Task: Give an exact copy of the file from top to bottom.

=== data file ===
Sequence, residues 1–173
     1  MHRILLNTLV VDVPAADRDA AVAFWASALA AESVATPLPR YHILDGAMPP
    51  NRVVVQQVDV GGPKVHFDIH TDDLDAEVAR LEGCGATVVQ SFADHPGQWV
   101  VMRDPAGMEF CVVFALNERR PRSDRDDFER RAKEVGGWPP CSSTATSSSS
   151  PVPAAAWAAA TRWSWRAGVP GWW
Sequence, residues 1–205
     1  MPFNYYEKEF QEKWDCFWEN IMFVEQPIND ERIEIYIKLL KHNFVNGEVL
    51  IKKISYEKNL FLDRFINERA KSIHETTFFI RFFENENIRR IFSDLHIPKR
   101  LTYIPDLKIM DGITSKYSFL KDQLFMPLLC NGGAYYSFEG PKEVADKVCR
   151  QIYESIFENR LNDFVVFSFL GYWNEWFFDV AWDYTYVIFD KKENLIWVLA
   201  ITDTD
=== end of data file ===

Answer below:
Sequence, residues 1–173
     1  MHRILLNTLV VDVPAADRDA AVAFWASALA AESVATPLPR YHILDGAMPP
    51  NRVVVQQVDV GGPKVHFDIH TDDLDAEVAR LEGCGATVVQ SFADHPGQWV
   101  VMRDPAGMEF CVVFALNERR PRSDRDDFER RAKEVGGWPP CSSTATSSSS
   151  PVPAAAWAAA TRWSWRAGVP GWW
Sequence, residues 1–205
     1  MPFNYYEKEF QEKWDCFWEN IMFVEQPIND ERIEIYIKLL KHNFVNGEVL
    51  IKKISYEKNL FLDRFINERA KSIHETTFFI RFFENENIRR IFSDLHIPKR
   101  LTYIPDLKIM DGITSKYSFL KDQLFMPLLC NGGAYYSFEG PKEVADKVCR
   151  QIYESIFENR LNDFVVFSFL GYWNEWFFDV AWDYTYVIFD KKENLIWVLA
   201  ITDTD